Throughout the entire process, Abigail James fully embraced the lopsided declaration, adding that this did wonders for them. “Even now, with the project complete, when I look at him and see his throat pouch a little more scrunched then planned, I remember that a lopsided Dex is still a Dex”, pointing out that the animators who had worked on Dexter – seen in the Attack of the Clones documentary “From Puppets to Pixels” – had made a conscious decision to make his throat pouch uneven so that it would appear more natural.
The completed plushie is almost three feet tall from crest to feet and Abigail James celebrated the completion of their project by recreating a well-known meme and sharing some of the finer details of their creation, such as Dexter’s nose ring, forearm and knuckle tattoos, and his lucky washrag.
Do you think a depressed person could make this? https://t.co/qwV6ZvdARq—
Abigail (James) Coruscanti Diner Dillon III (@aDillonDev) October 23, 2020
Abigail James’ final thoughts on their completed project: “This project was both a bit of relief from my depression but also the joy I felt in completing this threw my usual baseline emotions sharply into relief. So, meme aside, it’s actually a really accurate commentary on what this project did for me.”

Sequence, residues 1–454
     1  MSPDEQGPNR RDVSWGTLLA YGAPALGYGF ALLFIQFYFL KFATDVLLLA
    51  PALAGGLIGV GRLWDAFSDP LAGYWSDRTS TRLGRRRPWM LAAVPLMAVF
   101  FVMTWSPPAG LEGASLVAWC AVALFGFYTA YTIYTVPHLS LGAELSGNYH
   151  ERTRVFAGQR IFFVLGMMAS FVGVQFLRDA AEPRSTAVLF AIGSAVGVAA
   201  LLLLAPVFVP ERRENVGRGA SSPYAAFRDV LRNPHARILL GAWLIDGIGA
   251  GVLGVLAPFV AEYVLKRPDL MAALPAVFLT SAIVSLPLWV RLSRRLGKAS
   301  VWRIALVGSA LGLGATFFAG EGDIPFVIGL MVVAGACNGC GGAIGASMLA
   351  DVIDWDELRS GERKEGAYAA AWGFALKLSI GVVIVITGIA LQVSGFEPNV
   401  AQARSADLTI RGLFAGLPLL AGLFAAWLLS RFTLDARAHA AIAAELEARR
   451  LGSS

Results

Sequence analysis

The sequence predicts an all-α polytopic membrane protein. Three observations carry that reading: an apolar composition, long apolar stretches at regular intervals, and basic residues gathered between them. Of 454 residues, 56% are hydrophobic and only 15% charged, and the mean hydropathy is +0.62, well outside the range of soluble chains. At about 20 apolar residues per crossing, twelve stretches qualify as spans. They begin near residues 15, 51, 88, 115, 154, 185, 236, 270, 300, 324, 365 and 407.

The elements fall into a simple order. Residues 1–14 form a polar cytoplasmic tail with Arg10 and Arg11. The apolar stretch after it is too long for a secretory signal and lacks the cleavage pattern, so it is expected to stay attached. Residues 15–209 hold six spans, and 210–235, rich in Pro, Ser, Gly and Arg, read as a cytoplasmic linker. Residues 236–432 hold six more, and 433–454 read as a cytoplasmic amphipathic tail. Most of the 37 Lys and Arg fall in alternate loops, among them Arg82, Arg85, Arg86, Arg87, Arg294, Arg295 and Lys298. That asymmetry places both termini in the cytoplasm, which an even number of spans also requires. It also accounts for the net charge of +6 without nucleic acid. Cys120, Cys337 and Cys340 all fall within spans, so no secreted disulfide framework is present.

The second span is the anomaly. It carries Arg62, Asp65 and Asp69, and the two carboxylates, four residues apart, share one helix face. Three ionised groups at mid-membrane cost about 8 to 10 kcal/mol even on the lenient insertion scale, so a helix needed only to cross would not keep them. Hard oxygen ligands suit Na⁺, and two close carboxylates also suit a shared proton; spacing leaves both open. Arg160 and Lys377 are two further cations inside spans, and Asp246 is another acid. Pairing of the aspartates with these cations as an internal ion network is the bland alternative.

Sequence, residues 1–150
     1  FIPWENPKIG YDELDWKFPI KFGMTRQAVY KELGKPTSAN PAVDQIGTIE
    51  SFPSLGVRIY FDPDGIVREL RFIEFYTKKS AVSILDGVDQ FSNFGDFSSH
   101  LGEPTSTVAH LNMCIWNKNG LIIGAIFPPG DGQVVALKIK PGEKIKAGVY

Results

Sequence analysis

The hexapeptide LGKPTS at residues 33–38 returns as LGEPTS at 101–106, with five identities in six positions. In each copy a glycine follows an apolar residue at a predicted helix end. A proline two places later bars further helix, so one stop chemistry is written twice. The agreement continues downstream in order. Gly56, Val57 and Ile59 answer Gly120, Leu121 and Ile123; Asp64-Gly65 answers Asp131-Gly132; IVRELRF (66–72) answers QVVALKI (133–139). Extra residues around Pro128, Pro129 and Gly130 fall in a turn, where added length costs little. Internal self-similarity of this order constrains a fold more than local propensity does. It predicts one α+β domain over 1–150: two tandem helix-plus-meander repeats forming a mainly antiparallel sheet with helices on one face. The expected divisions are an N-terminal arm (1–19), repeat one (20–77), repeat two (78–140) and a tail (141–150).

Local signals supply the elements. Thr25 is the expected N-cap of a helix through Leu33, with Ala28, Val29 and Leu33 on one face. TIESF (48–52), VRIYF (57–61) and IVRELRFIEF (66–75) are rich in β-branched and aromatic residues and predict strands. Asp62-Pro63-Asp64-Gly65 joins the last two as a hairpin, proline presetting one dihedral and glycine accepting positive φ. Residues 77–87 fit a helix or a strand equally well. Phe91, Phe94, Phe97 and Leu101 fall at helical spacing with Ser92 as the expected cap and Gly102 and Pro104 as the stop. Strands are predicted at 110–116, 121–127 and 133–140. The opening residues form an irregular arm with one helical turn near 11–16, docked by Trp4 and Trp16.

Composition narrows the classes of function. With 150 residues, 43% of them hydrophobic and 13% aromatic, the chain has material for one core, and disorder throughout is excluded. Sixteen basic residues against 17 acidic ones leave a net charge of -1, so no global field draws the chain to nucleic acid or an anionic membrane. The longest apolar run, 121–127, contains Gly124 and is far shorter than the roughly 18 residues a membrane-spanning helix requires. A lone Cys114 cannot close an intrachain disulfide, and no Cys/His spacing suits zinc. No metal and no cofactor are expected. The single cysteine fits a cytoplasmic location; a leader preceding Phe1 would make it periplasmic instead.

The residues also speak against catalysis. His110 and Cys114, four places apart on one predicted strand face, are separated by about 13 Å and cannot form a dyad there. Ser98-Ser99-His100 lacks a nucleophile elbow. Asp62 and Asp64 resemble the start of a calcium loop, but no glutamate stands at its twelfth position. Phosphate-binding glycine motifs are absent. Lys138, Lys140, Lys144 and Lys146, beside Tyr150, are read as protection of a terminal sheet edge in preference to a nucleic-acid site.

And, folks, let me just say that Abigail James’ adorable and extremely huggable plushie brought warm feelings to my heart. If there’s one good thing this pandemic has given me, it’s plenty of incredible fan projects to follow and admire. Proof that 2020 is not entirely awful.
I would like to thank Abigail James Dillon for sharing the details of their creative process and for being so open and willing to be interviewed for this site. One of the key missions of All Things Attack of the Clones is to shine a spotlight on the film’s devoted (and often very talented) fanbase and celebrate what we love about this particular chapter of the Skywalker saga.
Abigail James is a writer for Eleven-ThirtyEight and quite easily the world’s biggest Dexter Jettster fan. They have written a number of articles about Dexter Jettster and his impact on their life, including the heart-warming piece, “Memories From the Menu of Dex’s Diner”, in which they talk about following in Dexter’s footsteps, learning some new culinary skills, and gaining a better understanding of their Finnish heritage.
And if you’re a fan of the Star Wars prequels and animated series, check out their 11-part close read of the Star Wars Rebels episode, “Twin Suns”, which is also available as a PDF file.
Looking for even more Attack of the Clones fan art, cosplay photos, opinions, memes, and film facts? Then come find me over on Twitter: @AllThingsAOTC!